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Hope in the Midst of Grief

By Chaplain Vivian Short

“We grieve, but not as those who have no Hope”

– 1Thess. 4:13

It may seem a bit of an oxymoron to think that Hope and Grief could co-exist.  You are invited to ponder that thought in this devotion.

If one would define hope, it could be described as a “desire of anticipation with an expected end”.  We hope for many things in life.  Hope to get married, hope to get through a challenge at work, hope to get promoted, hope that a loved one won’t die.  We have “Hope” in all different degrees and areas of our lives.

Then on the other side of the coin, there is “Grief”.  That inevitable life experience of intense emotions in response to a loss, crisis, or death.  It can send us in a whirling storm of emotions that snatch us from the norm, onto a journey of shock, confusion, and even depression.  A sea of feelings that we prefer to avoid, less more than describe to someone.  

One can feel as if all hope is gone.  We struggle with what to do next, and even if the tears we shed, will ever stop. This roller coaster can seem as if you are losing your mind. 

Yes, it all sounds scary and bleak, but there is always “Hope”.  Stay encouraged, don’t let the darkness of grief overcome you, for there are elements of Hope all around.  Take a moment, close your eyes and think.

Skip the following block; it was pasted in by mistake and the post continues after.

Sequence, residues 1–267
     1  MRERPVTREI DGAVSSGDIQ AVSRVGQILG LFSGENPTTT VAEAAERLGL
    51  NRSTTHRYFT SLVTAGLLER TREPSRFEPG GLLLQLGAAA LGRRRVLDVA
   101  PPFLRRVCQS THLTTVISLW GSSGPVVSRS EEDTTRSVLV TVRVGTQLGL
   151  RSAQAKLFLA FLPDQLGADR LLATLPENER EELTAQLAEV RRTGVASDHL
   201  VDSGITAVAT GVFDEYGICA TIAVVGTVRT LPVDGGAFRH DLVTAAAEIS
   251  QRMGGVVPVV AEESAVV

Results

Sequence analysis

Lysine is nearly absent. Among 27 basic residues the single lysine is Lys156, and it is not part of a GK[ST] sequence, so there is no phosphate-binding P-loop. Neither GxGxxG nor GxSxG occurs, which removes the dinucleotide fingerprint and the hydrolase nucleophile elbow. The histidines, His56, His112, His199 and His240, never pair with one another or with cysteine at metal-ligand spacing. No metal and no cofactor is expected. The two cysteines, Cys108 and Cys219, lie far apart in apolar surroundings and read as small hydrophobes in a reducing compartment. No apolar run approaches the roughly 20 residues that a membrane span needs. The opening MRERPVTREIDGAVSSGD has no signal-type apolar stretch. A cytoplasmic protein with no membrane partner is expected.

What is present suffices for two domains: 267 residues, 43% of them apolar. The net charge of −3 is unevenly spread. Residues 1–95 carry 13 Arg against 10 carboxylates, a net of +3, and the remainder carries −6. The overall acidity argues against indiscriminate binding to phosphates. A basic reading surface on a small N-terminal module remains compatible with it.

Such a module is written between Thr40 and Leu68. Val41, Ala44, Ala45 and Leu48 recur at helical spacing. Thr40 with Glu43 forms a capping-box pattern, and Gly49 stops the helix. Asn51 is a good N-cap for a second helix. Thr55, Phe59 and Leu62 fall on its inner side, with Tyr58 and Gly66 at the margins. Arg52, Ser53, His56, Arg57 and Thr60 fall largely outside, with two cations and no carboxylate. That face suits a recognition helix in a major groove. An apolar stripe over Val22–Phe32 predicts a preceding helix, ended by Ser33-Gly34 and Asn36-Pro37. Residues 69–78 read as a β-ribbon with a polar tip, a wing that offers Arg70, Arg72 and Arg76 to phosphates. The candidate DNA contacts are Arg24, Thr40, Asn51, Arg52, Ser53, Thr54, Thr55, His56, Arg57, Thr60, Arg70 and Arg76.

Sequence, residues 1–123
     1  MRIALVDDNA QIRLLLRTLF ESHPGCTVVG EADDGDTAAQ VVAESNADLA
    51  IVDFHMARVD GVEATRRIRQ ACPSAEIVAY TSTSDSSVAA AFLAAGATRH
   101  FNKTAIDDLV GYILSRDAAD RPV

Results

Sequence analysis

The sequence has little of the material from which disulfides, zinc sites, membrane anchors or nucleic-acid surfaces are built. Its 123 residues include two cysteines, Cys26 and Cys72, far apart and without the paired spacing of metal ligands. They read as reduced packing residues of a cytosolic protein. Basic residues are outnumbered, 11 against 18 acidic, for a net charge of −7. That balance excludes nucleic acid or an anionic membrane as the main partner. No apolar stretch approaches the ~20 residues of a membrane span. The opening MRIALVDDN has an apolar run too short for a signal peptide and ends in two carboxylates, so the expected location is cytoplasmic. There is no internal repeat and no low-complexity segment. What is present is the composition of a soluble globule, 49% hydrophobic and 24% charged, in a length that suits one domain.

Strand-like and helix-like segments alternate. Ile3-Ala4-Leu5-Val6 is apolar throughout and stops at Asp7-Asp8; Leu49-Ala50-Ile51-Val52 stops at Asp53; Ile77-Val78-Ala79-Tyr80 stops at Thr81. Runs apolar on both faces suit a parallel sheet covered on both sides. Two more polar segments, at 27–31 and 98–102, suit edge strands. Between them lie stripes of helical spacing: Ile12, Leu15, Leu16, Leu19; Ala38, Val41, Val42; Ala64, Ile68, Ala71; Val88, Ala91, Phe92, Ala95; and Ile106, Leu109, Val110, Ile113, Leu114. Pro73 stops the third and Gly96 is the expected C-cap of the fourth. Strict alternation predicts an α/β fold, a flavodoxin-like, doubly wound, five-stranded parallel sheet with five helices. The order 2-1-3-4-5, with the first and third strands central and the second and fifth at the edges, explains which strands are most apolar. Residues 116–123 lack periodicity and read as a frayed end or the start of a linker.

What gives you Hope? What motivates you to go the extra mile, to keep trying, and not throw in the towel?  Could it be the loving relationships and support from others that gives you Hope?  Is it being intentional and staying positive that gives Hope?  Perhaps receiving forgiveness and being forgiven gives Hope of reconciliation.  Trusting God for the outcome, gives Hope.  Meditation and prayer, or someone praying for us, can give Hope. 

We can be comforted by the word of God that reminds us that, “We grieve, but not as those who have no Hope”, (1Thess. 4:13). God’s promise of eternal life gives us reassurance and Hope beyond the present.  Yet, even in the present, He is with us.  There is Hope, for us to press forward. 

The sun will shine after the storm, daylight will come after darkness, weeping may endure for a night, but joy comes in the morning, this too shall pass.  Yes, “Grief” will come, but “Hope” can always be present too.  We can choose to harness it, embrace it through others and the love of God, to be the HOPE that can exist; even in the midst of GRIEF.

Rev Dr. Vivian Short

Chaplain II PruittHealth Hospice Fayetteville

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